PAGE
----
High prices, nervous times start modern-day gold rush

Dave Doolittle knows he’s got gold fever.

He has been hoarding the metal for more than a year, storing jewelry and every piece he can get his hands on. Doolittle keeps checking the price of gold as it changes by the minute.

And it’s been on the upswing for more than a year. On Tuesday, the price of gold reached a record of $1,782.50 per ounce before closing at $1,747.40.

Even at a such a high price, Doolittle, 41, of Everett, doesn’t want to sell it.

“I am afraid the price will go up even further,” Doolittle said, saying that he’s hoping to keep it as his nest egg.

People who sell and trade gold are seeing a huge demand. Owners of some shops in Snohomish County say that can’t get enough of it. Dennis Stevens, owner of Can-Am Coins, a store that buys and sells currency in downtown Everett, says half of his inventory is paper money and the other is coins. He can’t keep gold coins in stock.

“People are flocking to gold because they don’t trust the American economy,” Stevens said. “I have a waiting list of customers who want gold that I do not have.”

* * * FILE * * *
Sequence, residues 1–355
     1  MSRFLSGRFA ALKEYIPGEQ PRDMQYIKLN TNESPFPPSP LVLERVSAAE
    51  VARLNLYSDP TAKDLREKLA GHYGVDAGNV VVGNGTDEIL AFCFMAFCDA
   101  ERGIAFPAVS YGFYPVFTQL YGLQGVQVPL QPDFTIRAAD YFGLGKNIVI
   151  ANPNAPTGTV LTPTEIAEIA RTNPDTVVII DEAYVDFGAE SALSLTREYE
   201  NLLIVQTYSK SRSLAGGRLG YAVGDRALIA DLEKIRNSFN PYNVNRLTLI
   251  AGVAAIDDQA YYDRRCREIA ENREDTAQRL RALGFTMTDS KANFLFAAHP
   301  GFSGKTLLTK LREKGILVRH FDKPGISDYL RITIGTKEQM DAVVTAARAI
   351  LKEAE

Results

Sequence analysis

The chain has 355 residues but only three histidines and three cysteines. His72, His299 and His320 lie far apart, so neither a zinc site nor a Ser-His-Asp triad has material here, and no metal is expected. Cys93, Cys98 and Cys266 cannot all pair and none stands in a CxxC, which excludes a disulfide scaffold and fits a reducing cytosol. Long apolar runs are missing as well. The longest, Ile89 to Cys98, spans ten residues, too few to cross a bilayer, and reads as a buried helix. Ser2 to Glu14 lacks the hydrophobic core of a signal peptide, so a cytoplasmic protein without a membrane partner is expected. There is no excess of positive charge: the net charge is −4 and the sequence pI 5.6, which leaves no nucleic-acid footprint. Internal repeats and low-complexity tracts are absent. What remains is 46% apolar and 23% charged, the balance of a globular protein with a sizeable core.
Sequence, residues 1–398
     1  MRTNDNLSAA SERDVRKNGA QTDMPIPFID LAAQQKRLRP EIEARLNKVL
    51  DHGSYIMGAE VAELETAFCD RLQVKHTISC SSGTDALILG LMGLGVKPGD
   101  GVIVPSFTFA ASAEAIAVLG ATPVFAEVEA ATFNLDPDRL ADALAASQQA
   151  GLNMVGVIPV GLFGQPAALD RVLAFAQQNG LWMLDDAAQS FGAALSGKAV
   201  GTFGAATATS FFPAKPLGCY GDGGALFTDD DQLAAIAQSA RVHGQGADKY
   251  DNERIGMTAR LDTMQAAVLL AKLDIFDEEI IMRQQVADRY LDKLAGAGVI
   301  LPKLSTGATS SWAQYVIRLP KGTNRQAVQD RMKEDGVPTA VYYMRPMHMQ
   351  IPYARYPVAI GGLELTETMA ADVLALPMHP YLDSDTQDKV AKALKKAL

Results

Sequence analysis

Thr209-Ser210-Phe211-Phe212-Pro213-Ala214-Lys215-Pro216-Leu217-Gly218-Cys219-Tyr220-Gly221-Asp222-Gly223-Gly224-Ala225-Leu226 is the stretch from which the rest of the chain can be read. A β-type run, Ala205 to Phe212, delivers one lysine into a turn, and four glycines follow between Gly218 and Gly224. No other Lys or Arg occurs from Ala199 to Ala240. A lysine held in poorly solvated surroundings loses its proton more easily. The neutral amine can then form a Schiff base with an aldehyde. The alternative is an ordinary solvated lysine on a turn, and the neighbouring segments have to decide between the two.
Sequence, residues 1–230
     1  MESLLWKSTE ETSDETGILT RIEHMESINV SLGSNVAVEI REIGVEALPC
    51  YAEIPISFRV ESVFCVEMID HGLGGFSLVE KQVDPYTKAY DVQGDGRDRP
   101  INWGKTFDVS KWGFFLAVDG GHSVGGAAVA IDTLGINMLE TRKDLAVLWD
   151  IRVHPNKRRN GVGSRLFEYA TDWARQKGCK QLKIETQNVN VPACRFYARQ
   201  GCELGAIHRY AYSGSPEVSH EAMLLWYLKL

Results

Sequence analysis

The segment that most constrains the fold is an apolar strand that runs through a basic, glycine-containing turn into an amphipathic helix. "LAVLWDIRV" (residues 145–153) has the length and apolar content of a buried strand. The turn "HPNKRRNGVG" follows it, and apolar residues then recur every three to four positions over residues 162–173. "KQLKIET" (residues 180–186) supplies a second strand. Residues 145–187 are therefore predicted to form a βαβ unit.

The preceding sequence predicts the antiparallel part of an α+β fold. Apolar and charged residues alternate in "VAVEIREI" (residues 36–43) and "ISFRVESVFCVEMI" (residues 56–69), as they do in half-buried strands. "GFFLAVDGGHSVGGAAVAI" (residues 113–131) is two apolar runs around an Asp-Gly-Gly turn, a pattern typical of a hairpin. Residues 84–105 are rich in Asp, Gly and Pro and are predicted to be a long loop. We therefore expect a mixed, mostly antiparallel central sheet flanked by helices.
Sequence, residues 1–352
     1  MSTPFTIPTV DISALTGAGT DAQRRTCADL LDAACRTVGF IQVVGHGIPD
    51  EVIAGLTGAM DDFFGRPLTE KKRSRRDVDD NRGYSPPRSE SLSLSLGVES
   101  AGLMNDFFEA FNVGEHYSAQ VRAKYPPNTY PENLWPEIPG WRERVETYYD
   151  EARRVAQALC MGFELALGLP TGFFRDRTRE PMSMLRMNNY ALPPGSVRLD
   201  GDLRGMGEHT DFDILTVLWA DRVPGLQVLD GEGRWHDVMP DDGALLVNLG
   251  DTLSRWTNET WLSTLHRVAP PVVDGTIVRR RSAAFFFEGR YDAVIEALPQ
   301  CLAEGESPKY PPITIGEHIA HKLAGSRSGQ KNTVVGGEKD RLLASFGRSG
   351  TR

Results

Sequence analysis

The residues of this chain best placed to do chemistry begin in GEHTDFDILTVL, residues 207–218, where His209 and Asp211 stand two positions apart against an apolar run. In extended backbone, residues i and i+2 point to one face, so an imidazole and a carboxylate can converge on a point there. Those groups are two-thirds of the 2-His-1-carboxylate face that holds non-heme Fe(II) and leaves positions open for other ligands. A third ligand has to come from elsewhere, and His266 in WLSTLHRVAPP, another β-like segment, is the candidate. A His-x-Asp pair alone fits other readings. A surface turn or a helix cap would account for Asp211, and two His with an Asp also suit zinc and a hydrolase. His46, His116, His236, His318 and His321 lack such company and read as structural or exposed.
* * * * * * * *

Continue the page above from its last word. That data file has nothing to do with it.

The market’s instability is what worries Katie Shull, office manager for Odyssey Coins and Collectibles in Everett. She’s seen the price jump in the past, but plummet later on.

“A lot of times when the gold goes up fast, it crashes that fast,” Shull said.

While some are trying to buy and sell gold, others are trying to find their own.

Doolittle is one of those people. About 10 months ago, he joined Prospector’s Plus, a prospecting store and club in Gold Bar that allows its members to search for gold on acres where the business has mining rights.

Those include areas near Sultan, Skykomish and Blewett Pass in Eastern Washington.

Doolittle is part of a growing trend of people looking for gold, not only in Snohomish County but all over the country, said Chris Brawn, owner of Prospector’s Plus.

“Instead of taking a vacation, people are going camping and trying to find gold,” Brawn said.

The club has 600 family memberships, most of them having signed up this year, he said. They use pans, sluices and even metal detectors to look for gold.

Brawn is also a commercial miner, and has not seen a gold rush like this since the 1970s and early 1980s.

While the fever is still far from over, Brawn said it’s not the only reason people are prospecting.

“They do it make money or they’re doing it because they enjoy spending time outdoors,” Brawn said.

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